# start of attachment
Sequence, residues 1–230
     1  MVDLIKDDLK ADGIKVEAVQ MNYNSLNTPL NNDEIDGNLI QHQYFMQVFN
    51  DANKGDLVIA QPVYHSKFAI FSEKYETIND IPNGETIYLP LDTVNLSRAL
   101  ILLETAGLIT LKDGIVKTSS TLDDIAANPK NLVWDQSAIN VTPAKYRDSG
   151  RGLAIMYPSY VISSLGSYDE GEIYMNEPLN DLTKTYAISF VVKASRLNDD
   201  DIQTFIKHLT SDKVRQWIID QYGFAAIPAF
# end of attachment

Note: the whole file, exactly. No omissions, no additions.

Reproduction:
Sequence, residues 1–230
     1  MVDLIKDDLK ADGIKVEAVQ MNYNSLNTPL NNDEIDGNLI QHQYFMQVFN
    51  DANKGDLVIA QPVYHSKFAI FSEKYETIND IPNGETIYLP LDTVNLSRAL
   101  ILLETAGLIT LKDGIVKTSS TLDDIAANPK NLVWDQSAIN VTPAKYRDSG
   151  RGLAIMYPSY VISSLGSYDE GEIYMNEPLN DLTKTYAISF VVKASRLNDD
   201  DIQTFIKHLT SDKVRQWIID QYGFAAIPAF